The US Supreme Court has temporarily blocked gay marriage in Utah.
On December 20, US District Judge Robert Shelby tossed out Utah’s ban on gay marriage in a case filed by three same-sex couples, and about 1,000 such marriages have been performed since then. Utah had filed an emergency appeal with the US Supreme Court on New Year’s Eve.
The high court, however, has ruled that the state of Utah’s appeal of Shelby’s ruling needs to be heard by the US Court of Appeals for the Tenth Circuit in Denver. In the meantime, no further same-sex marriage licenses will be issued in Utah. The appellate court has agree to speed up the deadlines for the legal filings so that it can hear the case on an expedited basis. Whatever the outcome in the Tenth Circuit, the case will most likely be further appealed to the Supreme Court.
Utah Governor Gary Herbert said that it would have better if Judge Shelby had postponed his decision so as to let the appeals process fully play out first “in order to have avoided the uncertainty created by this unprecedented change.” The legal status of those same-sex couples already married in Utah under Shelby’s ruling is unclear. Utah’s Attorney General Sean Reyes said that his office would evaluate the issue “and will not rush to a decision that impacts Utah citizens so personally.”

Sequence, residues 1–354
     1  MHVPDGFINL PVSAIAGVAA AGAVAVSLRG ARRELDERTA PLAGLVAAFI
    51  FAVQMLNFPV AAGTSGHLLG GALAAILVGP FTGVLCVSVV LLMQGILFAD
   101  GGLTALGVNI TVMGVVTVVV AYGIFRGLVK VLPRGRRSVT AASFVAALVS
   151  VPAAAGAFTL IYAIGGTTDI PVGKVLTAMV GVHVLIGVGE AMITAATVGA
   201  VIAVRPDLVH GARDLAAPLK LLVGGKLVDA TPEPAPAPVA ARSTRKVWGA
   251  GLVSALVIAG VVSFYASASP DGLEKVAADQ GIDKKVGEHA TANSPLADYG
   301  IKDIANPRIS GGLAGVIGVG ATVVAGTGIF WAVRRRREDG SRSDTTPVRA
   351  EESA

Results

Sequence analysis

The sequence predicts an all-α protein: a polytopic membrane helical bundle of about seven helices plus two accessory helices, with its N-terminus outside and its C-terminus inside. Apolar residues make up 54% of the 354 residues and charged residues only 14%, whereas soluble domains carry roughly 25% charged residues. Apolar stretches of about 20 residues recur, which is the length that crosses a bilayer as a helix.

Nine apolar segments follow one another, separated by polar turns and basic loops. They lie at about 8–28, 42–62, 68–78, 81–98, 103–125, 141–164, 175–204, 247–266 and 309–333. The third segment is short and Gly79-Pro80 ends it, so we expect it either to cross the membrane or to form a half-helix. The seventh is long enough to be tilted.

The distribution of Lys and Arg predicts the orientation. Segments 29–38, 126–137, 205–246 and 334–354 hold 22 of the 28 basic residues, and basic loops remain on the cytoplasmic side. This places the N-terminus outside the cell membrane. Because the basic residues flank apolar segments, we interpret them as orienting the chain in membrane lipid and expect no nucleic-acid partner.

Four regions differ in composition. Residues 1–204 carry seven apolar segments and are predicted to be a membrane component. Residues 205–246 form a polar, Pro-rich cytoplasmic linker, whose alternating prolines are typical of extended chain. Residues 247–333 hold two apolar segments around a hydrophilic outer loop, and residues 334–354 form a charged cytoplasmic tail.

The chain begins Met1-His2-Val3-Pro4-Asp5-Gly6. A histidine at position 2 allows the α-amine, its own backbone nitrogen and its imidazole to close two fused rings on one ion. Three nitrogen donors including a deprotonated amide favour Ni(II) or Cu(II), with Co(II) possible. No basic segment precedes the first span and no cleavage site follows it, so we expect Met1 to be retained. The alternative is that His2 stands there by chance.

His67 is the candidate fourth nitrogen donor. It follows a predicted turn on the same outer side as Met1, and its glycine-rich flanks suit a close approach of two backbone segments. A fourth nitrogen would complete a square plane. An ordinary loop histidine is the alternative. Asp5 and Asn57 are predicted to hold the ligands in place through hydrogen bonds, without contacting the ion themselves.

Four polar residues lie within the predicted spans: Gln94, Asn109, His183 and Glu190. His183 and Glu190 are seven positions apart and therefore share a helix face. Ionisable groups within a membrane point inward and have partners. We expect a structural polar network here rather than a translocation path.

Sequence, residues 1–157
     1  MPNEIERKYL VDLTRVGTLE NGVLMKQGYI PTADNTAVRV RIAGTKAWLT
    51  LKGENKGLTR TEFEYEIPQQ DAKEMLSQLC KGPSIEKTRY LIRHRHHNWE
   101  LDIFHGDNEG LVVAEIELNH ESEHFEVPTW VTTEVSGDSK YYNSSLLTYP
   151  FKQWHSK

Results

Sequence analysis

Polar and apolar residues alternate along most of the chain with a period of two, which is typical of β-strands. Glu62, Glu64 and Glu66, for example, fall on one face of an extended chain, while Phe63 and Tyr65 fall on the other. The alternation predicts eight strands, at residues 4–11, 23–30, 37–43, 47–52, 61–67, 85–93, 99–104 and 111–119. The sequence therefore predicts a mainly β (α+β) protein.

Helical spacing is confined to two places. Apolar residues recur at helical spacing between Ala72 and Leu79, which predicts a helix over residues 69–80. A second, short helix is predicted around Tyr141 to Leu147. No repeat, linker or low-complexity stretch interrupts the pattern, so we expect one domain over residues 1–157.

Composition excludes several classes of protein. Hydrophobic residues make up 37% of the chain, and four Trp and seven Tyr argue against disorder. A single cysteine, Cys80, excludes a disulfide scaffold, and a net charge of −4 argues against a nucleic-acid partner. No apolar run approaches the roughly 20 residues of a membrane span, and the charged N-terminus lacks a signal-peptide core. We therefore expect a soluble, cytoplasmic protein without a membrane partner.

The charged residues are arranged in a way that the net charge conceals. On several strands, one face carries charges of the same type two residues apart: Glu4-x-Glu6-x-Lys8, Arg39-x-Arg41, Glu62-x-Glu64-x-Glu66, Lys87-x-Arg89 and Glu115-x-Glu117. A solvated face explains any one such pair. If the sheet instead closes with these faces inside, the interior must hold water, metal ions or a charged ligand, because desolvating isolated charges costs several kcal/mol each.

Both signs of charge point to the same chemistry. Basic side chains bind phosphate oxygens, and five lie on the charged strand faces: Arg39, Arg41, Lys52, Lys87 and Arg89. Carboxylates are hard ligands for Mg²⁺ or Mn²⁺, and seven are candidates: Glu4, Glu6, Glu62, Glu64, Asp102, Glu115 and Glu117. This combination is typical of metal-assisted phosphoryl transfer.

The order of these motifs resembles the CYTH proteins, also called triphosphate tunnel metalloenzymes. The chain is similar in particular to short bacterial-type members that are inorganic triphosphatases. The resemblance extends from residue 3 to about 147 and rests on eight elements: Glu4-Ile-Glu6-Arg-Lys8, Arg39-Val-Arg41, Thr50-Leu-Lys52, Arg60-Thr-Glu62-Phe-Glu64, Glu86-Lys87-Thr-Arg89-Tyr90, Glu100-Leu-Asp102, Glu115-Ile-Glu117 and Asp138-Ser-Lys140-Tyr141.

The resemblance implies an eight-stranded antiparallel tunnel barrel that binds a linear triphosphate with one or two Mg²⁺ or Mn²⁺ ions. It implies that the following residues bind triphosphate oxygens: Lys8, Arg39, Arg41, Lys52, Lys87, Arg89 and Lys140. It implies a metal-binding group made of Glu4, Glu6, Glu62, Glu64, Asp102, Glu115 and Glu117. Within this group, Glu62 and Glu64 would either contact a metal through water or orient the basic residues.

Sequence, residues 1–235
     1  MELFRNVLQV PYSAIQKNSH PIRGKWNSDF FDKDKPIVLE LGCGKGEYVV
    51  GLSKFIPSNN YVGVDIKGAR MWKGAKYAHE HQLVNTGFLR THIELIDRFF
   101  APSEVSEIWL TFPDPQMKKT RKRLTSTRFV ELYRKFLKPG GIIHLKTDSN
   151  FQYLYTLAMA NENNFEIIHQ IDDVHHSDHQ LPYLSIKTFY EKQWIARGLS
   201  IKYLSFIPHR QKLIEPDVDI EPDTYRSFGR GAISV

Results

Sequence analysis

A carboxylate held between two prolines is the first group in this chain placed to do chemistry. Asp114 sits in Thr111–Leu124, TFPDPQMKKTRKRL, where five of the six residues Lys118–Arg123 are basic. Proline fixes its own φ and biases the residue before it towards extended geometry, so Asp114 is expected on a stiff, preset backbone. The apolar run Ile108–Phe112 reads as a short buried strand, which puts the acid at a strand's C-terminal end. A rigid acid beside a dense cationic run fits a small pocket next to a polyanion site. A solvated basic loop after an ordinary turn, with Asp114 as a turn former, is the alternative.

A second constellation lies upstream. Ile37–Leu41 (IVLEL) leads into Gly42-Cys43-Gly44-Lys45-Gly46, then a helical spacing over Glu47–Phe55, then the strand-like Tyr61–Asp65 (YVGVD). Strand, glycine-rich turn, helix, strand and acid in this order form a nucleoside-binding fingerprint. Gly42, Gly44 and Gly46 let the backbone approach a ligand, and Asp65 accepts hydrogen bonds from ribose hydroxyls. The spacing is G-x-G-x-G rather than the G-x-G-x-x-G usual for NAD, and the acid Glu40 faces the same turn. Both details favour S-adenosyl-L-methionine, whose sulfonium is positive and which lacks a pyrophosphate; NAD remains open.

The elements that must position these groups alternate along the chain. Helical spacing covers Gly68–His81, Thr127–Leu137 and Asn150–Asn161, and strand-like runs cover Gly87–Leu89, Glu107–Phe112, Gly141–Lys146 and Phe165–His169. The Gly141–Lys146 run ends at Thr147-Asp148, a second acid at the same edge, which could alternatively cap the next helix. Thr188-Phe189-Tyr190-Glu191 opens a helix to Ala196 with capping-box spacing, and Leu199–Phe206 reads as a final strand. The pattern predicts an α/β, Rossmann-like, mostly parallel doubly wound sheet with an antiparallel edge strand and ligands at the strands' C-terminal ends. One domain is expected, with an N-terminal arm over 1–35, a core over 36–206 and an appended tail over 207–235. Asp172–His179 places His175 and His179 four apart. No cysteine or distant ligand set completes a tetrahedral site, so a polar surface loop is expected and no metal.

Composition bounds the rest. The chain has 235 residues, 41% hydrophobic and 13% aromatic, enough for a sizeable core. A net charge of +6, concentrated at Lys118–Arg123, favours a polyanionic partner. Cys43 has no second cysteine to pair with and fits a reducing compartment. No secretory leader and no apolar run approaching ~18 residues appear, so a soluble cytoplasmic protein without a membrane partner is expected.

In 2004, Utah voters amended the state’s constitution to define marriage is between one man and one women. The amendmment passed with 66 percent of the vote. It went into effect on January 1, 2005.
The legal ramifications of this case could have a profound impact on the status of marriage across the country. Some 33 states prohibit gay marriage and “If the Utah amendment is fully struck down, it would likely mean the same for the rest of the nation.”
Apart from the Utah gay marriage case itself, another question is who, if anyone, should define marriage at the state level, the voters or unelected judges? Last June, the Supreme Court overturned California’s voter-approved ban on gay marriage but “the justices decided not to weigh in on the constitutionality of defining marriage as being between a man and woman, relying instead on a technical legal argument to resolve the issue in California and clear the way for same-sex marriage in the state.”
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